Sufi ritual of Hadhra remains popular in Tunisia

The Sufi tradition regained popularity in the 1990s when Fadhel Jaziri combined Sufi chants and choreography in modern shows.

Ancient tradition. The founder of Hadhrat Rjel Tounes Taoufik Doghman performing. (Facebook page of Taoufik Doghman)

2017/07/09 Issue: 114 Page: 23

The Arab Weekly
Roua Khlifi

The scent of Tunisian incense wafted in the air and enveloped the stage in a mist. Singers and musi­cians, adorned in traditional attire, took their places on the platform.

Their voices slowly grew louder in conjunction with the music, until the sound of religious chants filled the air. The audience watched as performers, seemingly intox­icated by the music, whirled and danced in a trance-like state, in what is one of Tu­nisia’s oldest Sufi traditions: Hadhra.

Sufi music dates back hun­dreds of years and Hadhra remains popular in Tunisia. The ritual, which has deep religious significance, is common during religious occasions and in a variety of popular settings. In Tuni­sia, Hadhra performances headline major music festivals, such as the In­ternational Festival of Carthage.

The ancient Sufi tradi­tion, which is practised as praise and supplication to God and the Prophet, regained popularity in the 1990s when Tunisian actor and director Fadhel Jaziri com­bined Sufi chants and choreogra­phy in modern shows. In Tunisia, the unique style grew popular with the working class.

Hichem Ben Amor, who specialis­es in Sufi music, said Sufi orders are behind the music’s rise in Tunisia.

“People often categorise Hadhra music as Sufi music but one needs to trace back the histo­ry of Sufi music to understand how it grew popular in Tunisia,” said Ben Amor, who added that “Hadhra can be traced to the ritual of Sama.”

“In this ritual, one of the Sufis stands up in the Dhikr circles to chant a selection of poems praising religious values. Sufis believe they grow closer to God’s divine presence when fully feeling the music and the chants, when they reach trance. That is why these chanting circles were called Hadhra, which is Arabic for ‘presence’.”

Taoufik Doghman, the founder of Hadhrat Rjel Tounes (Hadhra of the Men of Tunisia), has performed Hadhra since he was young. His group’s latest performance, which took place in June at Tunis’s Avenue Habib Bourguiba, attracted hun­dreds of viewers.

“It started when we were young, at the age of 14,” Doghman said. “Our grandfathers come from these well-known religious families and we were raised listening to Sufi chants.

“We were a group of children who would play together. That is how we came together as a Sufi chants group. Today, some of them are doc­tors, engineers, teachers but they all came from this group.”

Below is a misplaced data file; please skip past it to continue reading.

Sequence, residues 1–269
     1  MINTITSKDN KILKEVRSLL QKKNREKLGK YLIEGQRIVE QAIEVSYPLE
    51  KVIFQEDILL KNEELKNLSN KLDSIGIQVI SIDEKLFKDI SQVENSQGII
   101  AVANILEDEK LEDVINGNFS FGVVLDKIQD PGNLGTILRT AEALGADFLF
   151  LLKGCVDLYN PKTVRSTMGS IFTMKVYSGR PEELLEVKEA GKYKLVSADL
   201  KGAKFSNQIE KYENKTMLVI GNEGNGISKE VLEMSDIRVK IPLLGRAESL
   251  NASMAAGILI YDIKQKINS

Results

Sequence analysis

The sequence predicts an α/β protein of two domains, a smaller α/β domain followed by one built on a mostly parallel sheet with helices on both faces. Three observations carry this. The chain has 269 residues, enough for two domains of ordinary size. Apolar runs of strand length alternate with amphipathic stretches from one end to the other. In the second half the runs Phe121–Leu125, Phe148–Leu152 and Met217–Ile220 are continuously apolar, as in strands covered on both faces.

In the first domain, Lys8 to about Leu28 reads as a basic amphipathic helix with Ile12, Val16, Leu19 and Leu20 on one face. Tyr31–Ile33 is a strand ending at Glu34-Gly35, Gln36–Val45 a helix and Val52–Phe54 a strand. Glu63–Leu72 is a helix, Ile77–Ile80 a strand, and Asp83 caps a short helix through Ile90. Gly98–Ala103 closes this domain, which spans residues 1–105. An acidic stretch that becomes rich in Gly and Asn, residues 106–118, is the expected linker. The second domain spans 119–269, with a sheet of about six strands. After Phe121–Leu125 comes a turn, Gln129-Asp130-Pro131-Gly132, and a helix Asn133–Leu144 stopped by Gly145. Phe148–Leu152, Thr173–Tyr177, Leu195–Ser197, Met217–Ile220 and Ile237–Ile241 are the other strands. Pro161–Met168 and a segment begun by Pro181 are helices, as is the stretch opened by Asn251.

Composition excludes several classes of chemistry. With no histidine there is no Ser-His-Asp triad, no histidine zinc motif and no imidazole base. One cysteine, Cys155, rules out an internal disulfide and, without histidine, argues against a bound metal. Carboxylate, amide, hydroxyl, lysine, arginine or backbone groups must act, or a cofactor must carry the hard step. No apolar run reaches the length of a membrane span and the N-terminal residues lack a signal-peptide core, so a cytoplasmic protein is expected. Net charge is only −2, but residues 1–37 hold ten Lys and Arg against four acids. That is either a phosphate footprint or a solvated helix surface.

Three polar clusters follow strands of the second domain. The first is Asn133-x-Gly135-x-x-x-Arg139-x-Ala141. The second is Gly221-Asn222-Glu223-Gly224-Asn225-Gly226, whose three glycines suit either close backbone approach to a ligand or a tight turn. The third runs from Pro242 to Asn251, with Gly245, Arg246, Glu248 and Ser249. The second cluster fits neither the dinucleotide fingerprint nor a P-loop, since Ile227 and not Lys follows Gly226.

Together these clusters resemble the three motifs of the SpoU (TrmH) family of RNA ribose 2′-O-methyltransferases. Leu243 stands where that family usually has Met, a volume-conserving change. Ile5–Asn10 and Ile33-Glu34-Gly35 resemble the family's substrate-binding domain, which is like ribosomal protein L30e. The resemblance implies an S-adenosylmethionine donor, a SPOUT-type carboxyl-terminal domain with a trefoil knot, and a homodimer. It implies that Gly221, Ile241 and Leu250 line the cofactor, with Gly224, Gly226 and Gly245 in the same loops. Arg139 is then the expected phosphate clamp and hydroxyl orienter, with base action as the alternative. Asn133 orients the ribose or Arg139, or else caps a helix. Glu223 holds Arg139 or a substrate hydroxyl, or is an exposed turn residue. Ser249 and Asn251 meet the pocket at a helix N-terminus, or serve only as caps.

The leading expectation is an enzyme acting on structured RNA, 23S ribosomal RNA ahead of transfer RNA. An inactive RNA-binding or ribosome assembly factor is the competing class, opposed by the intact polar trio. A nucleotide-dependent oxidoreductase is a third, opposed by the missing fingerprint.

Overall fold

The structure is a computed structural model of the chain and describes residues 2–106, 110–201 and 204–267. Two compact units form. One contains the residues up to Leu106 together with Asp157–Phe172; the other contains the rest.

After Doghman’s group gained a following, they were invited to par­ticipate in Jaziri’s Hadhra show in the 1990s.

“My journey with Hadhra started 50 years ago when I became a part of a group of young men chanting reli­gious poems,” Doghman said. “I par­ticipated in Jaziri’s Hadhra with my knowledge of Sufi chants and I also learnt from him about this art. Then I started the Hadhrat Rjel Tounes.”

He noted that his group, which has grown to 30-40 performers, has “had shows in and out of Tunisia. This year, we had shows in Canada, Belgium and Algeria.”

Hadhra performances are espe­cially popular during Ramadan and in the summer.

“These chants began growing bigger and they are essentially (a form of) musical appreciation that is created by the followers of these Sufi orders,” Ben Amor said, adding that the tradition is part of Tunisia’s identity and culture.

“It often expresses how the work­ing class, especially in the popular neighbourhoods, believes in the power of this music.”

As much as Hadhra is part of Tu­nisia’s cultural heritage, it has also adapted to the world’s changing mu­sical landscape. By adding contem­porary instruments and techniques, Doghman and Ben Amor put a mod­ern spin on the old tradition.

“Hadhra that is popular in Tunis uses a great number of singers and musicians,” Ben Amor said. “These musical numbers are performed in a theatrical setting with other musical instruments that are modern such as drums, pianos and violins, which is different from the old model.”

Doghman said the change was necessary to keep the heritage alive.

“These are difficult times,” Dog­hman said. “In this century, there is the internet and so many visual things. You cannot just rely on lis­tening to music when the eyes of spectators watch the show too and taste the music. A Hadhra show is not just music but it is a whole show to be watched and enjoyed visually.”

“The dance choreography, the outfits, the lights and other elements are all to make the show something visual and (aesthetically pleasing) to watch,” he said. “By the end of the day, what matters to us is that the spectators feel the peace and feel how this music is from the heart.”

Roua Khlifi a regular Travel and Culture contributor in Tunis.

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